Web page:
Push off, and sitting well in order smite

The sounding furrows; for my purpose holds

To sail beyond the sunset, and the baths

Of all the western stars, until I die.

It may be that the gulfs will wash us down:

It may be we shall touch the Happy Isles,

And see the great Achilles, whom we knew.

Tho’ much is taken, much abides; and tho’

We are not now that strength which in old days

Moved earth and heaven, that which we are, we are;

One equal temper of heroic hearts,

Made weak by time and fate, but strong in will

To strive, to seek, to find, and not to yield.


Hello everyone,


“You’re probably thinking ‘This is a superhero movie, but that guy in the suit just turned that other guy into a fucking kebab.’ Surprise, this is a different kind of superhero story.” –Deadpool

Alright, we’re going to indulge me as I splurge about superheroes briefly. This year appears to be the year the world end, at least for the comic film industry. Look at how many studios are cashing in! Ever since Iron Man released back in 2008 (wow, was it really 8 years ago?), and swiftly followed by The Dark Knight super hero movies have been the blockbuster films of our time. Ok, sure, Batman Begins may have been the real turning point, but it wasn’t really a hallmark movie. Recently, with the release of Batman vs. Superman: Dawn of Justice we were reminded of how far we have come in this movie industry—because of how bad the movie was. Seriously. It felt like the old Daredevil movie. Which was…a really bad movie. Sure, not all the acting was the worst, but it had writing and plot coherence that felt 10 years dated.

All my comic geek friends are just happy that they finally got a Batman vs Superman movie, except the ones who actually watch films outside the comic book ones. A good movie is more than just a fight scene (though a good fight scene can make a movie worth watching). Batman vs Superman had neither. The namesake battle of the film lasted maybe 10 minutes if we’re being generous. But aside from that, it was corny. Superman gets hit by Kryptonite, then he gets the shit beaten out of him, then he recovers, starts winning again, until he gets hit by more Kryptonite. Really? How unoriginal. No laser vision? No grappling between buildings? No super cool tech, just the classic metal suit? Sure, its based on a comic book battle, but this is a guy that could lift something infinitely heavy versus a regular guy armed with advanced science and extreme planning…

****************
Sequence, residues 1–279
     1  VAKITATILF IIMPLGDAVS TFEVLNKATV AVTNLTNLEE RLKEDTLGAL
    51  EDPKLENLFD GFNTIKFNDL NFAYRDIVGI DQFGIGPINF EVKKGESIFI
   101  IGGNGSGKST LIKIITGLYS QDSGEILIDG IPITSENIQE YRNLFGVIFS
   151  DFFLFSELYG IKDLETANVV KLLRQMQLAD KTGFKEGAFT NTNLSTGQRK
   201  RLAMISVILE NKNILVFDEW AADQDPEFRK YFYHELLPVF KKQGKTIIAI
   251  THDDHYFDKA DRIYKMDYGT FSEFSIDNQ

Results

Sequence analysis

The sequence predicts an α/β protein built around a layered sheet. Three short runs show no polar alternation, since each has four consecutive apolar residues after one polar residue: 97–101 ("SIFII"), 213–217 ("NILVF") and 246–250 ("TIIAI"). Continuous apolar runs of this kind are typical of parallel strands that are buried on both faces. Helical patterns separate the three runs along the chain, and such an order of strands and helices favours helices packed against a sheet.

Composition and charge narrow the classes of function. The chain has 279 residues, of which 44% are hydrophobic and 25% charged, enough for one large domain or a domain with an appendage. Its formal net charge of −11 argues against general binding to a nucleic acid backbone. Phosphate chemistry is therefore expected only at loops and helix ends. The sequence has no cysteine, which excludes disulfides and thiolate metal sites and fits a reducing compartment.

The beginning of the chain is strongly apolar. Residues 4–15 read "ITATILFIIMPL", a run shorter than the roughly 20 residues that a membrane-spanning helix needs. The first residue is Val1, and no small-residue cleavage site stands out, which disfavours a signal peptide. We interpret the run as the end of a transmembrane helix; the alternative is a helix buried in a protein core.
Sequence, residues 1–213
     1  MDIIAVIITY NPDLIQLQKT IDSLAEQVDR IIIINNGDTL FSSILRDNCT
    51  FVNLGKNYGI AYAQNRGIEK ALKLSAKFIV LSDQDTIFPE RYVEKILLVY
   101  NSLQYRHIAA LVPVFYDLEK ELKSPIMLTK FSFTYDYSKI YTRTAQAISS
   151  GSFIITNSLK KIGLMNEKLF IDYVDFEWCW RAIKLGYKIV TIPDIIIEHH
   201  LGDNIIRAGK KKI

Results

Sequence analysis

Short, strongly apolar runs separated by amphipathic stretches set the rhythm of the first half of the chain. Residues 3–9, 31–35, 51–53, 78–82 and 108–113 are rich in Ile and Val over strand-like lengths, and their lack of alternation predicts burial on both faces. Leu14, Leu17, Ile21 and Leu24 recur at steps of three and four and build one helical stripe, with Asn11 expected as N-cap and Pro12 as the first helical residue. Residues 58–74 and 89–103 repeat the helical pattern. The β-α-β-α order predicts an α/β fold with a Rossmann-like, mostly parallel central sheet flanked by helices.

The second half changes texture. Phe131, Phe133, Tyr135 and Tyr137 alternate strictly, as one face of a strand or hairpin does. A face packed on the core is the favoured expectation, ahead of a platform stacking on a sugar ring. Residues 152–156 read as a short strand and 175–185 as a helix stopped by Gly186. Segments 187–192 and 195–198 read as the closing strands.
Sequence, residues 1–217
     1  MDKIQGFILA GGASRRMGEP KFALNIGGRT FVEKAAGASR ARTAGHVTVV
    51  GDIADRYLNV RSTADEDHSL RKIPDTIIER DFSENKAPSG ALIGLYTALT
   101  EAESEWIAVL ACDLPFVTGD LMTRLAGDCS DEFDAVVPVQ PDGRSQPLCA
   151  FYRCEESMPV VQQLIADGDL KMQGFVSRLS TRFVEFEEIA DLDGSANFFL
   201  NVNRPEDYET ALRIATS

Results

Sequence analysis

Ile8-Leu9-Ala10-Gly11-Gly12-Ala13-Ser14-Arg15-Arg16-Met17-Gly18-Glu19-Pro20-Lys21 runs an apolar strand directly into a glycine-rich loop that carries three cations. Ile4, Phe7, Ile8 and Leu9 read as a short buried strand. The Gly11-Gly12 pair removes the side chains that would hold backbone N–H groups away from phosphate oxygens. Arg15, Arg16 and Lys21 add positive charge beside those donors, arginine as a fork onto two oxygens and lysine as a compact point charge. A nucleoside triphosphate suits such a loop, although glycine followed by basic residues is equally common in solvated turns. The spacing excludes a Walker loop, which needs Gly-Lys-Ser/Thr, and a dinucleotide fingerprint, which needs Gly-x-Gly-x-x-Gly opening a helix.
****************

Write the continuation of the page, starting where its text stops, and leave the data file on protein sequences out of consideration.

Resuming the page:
Anyways, movie hatred aside, superheroes are today’s topic of writing. Throughout history we have love the idea of heroes. In the present, they are a somewhat geeky thing to be into, but in reality they have been around in some way or another. Seriously, The Hero with 1000 Faces exemplifies this idea. It connects all the similarities in heroes throughout time. But human love heroes. Why? Well, I’m sure there is a lot of reason for it, but I am most interested in the empathetic aspects of heroes. We empathize with heroes—which is why so many people root for Batman over Superman. It isn’t because he is a hero, or even the logical victor in an all out fight (seriously, no measurable power can match up to immeasurable, infinite power, lets just be honest here). We root for Batman because he’s someone we can relate to. He has real world problems. Sure, he’s a billionaire, but that’s more a trope for the comic industry to allow him free time as well as access to all this technology. Seriously, have you seen Daredevil? Look how rag tag his heroic costume and weaponry look, even after season two. There’s no way we would consider him in league with Superman. He struggles to keep up with a few trained martial artists!